High-density lipoprotein of patients with Type 2 Diabetes Mellitus upregulates cyclooxgenase-2 expression and prostacyclin I-2 release in endothelial cells: relationship with HDL-associated sphingosine-1-phosphate
1 Department of Neurology, Peking University First Hospital, Beijing 100034, China
2 The Institute of Cardiovascular Sciences and Institute of Systems Biomedicine, School of Basic Medical Sciences, and Key Laboratory of Molecular Cardiovascular Sciences, Ministry of Education, Key Laboratory of Cardiovascular Molecular Biology and Regulatory Peptides, Ministry of Health, Peking University Health Science Center, Beijing 100191, China
3 College of Urban and Environmental Sciences, Peking University, Beijing 100871, China
4 Division of Kinesiology and Health & Biomedical Science PhD Program, University of Wyoming College of Health Sciences, Laramie, WY, USA
Cardiovascular Diabetology 2013, 12:27 doi:10.1186/1475-2840-12-27Published: 30 January 2013
Dysfunctional high-density lipoprotein (HDL) may have pro-inflammatory effects on the endothelial cells,which causes atherosclerosis in type 2 diabetes mellitus (T2DM). HDL is a major carrier of sphingosine-1-phosphate (S1P) in plasma while S1P exhibits multiple biological activities. However, potential role of HDL and S1P in T2DM remains unexplored. We hypothesized that diabetic HDL with higher contents of S1P exerts beneficial effects on the vascular system.
Subjects with T2DM with or without proved large arteries atherosclerosis and normal controls (n=15 for each group) were recruited in the present study. HDL was isolated from the subjects by ultracentrifugation. The levels of HDL-associated S1P were determined by UPLC-MS/MS. The protective function of diabetic HDL and S1P was evaluated by measuring cyclooxygenase-2 (COX-2) expression and prostacyclin I-2 (PGI-2) release by human umbilical vein endothelial cells (HUVECs) using western blot and enzyme-linked immunosorbent assay (ELISA), respectively.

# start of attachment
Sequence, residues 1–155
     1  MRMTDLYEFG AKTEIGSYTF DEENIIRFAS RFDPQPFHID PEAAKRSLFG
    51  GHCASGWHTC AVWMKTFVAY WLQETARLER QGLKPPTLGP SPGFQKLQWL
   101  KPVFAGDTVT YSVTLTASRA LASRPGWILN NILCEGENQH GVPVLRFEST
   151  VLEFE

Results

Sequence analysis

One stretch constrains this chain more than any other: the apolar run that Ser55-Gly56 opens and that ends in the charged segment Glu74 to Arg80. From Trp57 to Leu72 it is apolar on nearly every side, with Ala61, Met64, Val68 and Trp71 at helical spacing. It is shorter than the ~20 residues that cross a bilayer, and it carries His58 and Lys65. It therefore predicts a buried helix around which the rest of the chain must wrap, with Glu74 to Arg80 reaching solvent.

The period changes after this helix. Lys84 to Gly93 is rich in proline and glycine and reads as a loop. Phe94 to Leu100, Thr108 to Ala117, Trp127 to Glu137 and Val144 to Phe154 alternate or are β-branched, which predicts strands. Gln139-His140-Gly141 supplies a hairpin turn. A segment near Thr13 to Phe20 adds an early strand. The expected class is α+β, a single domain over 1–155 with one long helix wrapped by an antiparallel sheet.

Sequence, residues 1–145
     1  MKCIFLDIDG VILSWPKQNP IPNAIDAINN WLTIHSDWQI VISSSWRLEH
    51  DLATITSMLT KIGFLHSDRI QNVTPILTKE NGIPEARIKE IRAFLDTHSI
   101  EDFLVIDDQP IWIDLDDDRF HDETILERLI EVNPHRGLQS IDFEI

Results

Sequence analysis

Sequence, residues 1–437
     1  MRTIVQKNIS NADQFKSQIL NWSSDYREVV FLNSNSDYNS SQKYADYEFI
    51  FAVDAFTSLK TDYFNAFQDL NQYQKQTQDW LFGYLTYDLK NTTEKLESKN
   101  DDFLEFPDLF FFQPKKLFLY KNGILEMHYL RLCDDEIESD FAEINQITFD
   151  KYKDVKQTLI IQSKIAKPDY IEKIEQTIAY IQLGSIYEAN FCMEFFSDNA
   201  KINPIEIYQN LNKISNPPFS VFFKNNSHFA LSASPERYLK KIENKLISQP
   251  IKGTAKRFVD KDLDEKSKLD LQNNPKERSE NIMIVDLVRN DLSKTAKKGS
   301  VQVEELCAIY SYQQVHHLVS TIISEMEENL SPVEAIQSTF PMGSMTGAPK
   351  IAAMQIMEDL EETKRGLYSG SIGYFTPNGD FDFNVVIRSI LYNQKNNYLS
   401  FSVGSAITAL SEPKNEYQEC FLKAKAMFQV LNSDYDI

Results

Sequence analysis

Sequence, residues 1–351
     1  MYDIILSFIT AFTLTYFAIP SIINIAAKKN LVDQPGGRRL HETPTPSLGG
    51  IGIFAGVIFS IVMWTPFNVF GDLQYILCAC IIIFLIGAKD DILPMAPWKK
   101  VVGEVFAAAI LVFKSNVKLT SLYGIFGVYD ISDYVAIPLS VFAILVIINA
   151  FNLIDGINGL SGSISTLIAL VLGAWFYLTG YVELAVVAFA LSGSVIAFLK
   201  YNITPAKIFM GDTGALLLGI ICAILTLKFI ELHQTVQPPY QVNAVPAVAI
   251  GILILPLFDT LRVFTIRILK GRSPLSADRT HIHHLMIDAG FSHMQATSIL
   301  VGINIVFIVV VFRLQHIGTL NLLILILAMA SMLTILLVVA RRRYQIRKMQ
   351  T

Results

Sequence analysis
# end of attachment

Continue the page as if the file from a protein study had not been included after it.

The S1P levels in isolated HDL were significantly increased in T2DM subjects compared with controls (235.6 ± 13.4 vs 195.0 ± 6.4 ng/mg, P< 0.05). The diabetic HDL exerted greater protective effects on inducing COX-2 expression and PGI-2 release by HUVECs than those of control HDL (p < 0.05, p < 0.01, respectively). Pertussis toxin, a common inhibitor of G-couple protein receptors, and VPC 23019, an antagonist of S1P receptor 1 and 3 significantly attenuated HDL-induced COX-2 expression and PGI-2 release.
Diabetic HDL carries higher level of S1P compared with normal HDL, which has the potential to contribute to protective effects on endothelial cells by inducing COX-2 expression and PGI-2 release. These findings provide a new insight of S1P function in T2DM patients, possibly leading to a new therapeutic target.